Here are some links to back up instructions for the most popular wallets:
Once you have your backup, make sure you store it safely in your password manager, which handily enough is the next step!
4. Use a password manager
We all know that we should NEVER use the same password on more than one website and that it's best to use strong passwords that include random numbers and characters. Obviously, using a unique and complex password for each site would be quite a mental feat to remember - which is where password managers come in :)
- Keepass is a free option for Windows. We like Keepass because it's open-source (which means anyone can check that the code is safe). We have a guide to setting it up here.
- LastPass is a popular password manager with both free and paid options
- The team over at Exodus recommends 1Password. It's a paid option, but good security is probably worth shelling out for.
- Dashlane is also another paid option.
- If you're using Mac, there is an inbuilt Keychain feature. However, be aware this is only as safe as your security on your Apple device.
To compare and contrast across these options (and more!) check out this article from PC Mag about the top password managers for 2020.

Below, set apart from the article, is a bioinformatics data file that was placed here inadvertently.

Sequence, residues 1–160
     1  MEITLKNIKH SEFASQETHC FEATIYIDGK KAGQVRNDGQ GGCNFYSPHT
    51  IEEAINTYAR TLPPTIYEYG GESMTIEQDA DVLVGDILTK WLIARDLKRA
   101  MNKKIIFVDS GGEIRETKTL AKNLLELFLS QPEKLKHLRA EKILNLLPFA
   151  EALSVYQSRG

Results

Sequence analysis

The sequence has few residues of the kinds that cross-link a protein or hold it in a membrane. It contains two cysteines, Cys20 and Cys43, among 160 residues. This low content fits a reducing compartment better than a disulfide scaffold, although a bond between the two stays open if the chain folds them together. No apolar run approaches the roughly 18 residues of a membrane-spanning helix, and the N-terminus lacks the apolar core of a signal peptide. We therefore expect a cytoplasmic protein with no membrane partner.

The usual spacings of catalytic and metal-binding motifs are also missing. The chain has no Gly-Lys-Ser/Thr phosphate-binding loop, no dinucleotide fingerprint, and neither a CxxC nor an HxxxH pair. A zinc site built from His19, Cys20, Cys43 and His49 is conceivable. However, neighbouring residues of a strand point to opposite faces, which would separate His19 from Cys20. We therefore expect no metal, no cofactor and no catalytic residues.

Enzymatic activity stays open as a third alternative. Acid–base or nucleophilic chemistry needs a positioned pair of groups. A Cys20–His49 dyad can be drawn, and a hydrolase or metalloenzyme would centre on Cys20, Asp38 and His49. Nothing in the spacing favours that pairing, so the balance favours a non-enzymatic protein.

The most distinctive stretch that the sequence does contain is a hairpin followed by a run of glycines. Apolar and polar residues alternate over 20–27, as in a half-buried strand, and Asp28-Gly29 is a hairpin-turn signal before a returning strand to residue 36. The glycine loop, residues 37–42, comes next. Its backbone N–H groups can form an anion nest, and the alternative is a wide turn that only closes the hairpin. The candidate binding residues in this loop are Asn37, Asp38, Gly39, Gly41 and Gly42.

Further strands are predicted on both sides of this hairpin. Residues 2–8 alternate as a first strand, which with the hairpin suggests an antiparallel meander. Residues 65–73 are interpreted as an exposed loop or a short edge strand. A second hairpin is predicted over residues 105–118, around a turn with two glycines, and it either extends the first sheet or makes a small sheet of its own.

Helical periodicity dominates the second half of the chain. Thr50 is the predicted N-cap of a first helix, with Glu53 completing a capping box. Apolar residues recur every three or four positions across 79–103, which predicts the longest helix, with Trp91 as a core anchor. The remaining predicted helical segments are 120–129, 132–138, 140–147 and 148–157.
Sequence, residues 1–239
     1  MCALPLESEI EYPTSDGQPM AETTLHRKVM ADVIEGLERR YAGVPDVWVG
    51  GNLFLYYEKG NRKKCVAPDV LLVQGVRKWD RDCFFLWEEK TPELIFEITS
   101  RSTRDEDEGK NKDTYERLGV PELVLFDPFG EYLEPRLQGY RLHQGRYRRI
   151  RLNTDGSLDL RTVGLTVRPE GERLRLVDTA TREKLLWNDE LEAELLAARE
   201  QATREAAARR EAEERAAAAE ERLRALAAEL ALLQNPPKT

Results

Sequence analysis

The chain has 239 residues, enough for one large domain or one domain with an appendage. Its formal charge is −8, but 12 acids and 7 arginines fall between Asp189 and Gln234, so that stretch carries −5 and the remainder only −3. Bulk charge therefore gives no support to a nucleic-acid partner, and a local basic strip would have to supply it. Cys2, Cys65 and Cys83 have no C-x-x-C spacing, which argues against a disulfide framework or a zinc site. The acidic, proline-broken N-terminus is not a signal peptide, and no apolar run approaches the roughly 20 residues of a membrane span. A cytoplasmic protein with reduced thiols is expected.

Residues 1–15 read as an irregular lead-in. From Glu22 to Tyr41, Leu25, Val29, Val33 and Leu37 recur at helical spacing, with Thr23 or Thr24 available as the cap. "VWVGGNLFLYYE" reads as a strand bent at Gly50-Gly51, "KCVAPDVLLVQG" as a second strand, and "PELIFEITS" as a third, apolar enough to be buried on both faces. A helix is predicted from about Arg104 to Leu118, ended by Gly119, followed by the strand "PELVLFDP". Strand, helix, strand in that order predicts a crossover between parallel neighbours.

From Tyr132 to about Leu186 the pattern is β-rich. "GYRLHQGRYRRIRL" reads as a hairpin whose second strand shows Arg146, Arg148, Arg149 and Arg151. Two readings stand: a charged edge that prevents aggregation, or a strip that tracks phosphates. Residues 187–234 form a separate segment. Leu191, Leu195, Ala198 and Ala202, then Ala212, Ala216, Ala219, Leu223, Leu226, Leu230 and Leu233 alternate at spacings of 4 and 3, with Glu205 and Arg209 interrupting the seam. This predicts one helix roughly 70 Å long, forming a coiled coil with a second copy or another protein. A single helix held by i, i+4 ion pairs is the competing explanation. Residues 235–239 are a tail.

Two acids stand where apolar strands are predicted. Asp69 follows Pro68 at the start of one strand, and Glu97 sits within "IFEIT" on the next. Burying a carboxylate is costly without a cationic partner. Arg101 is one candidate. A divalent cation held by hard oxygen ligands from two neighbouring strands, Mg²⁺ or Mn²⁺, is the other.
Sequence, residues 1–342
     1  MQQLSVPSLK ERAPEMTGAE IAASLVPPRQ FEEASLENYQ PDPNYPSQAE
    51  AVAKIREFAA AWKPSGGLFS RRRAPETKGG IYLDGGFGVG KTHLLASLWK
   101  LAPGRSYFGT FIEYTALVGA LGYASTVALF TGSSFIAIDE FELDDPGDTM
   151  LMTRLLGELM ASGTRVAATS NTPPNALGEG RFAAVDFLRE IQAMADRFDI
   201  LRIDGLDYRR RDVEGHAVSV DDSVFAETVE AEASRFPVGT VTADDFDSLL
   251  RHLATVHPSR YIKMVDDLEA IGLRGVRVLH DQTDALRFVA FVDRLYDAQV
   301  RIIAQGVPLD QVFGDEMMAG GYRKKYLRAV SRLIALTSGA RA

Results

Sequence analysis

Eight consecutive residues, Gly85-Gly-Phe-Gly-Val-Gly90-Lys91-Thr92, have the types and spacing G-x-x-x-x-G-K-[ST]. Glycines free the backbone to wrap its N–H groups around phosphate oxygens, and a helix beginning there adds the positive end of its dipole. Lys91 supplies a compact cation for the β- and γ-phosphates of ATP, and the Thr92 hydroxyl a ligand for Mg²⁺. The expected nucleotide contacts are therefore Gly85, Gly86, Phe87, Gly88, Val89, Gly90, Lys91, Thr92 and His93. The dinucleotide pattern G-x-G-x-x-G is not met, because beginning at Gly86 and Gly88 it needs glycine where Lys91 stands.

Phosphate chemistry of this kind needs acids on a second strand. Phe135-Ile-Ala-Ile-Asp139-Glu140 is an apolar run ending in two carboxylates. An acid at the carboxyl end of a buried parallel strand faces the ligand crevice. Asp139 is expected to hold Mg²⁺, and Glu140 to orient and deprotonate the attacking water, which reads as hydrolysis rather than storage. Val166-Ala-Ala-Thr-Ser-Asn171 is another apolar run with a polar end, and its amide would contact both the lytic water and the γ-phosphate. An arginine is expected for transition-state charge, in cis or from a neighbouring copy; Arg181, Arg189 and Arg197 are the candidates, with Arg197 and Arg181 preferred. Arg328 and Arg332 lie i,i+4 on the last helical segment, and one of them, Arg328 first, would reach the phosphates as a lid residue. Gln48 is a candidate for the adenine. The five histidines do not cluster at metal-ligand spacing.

5. Use a hardware wallet
Hardware wallets are the gold standard in crypto security and we highly recommend them to all our customers - especially if you're storing an amount that you would consider valuable and worth protecting. There are a number of hardware wallets out there:
- Trezor- we use Trezor paired with the Exodus hot wallet, and highly recommend this combo for both security and ease of use. Make sure you set a passphrase if you use Trezor.
- Ledger- this is probably the most popular wallet on the market, and you can use it with you mobile which is handy for crypto-on-the-go
- Ellipal - a highly secure option, the Ellipal is "air-gapped" meaning it never connects directly to the internet. Fund transfers are managed via the Ellipal app on your mobile
- Keepkey - an option from the team at Shapeshift, with a wide range of coins supported
Our NZ site sells the Trezor and Ledger wallets - you can pick one up at our store here.
Note that we have personally tried Trezor and Ledger, but we don't know much about the others. With everything in this article, we can't guarantee any third-party provider and we recommend that you do your own research.
Whichever option you use, make sure you back up your hardware wallet (see #3) and store your backups somewhere very secure (see #4)
With cryptocurrency, you are your own bank. This is incredibly powerful as it means you are in full control of your funds and no one else has access to them. This also puts a lot of responsibility on to you, to make sure our funds are securely protected and accessible no matter what happens.
The steps above are, in our view, sufficient to keep your crypto secure and accessible. For a more in-depth look at all the security components you might want to consider, Exodus have an excellent write up here. Well worth a read once you've got your head around the 5 steps above.
Please also read this article to ensure you are across the potential scams out there.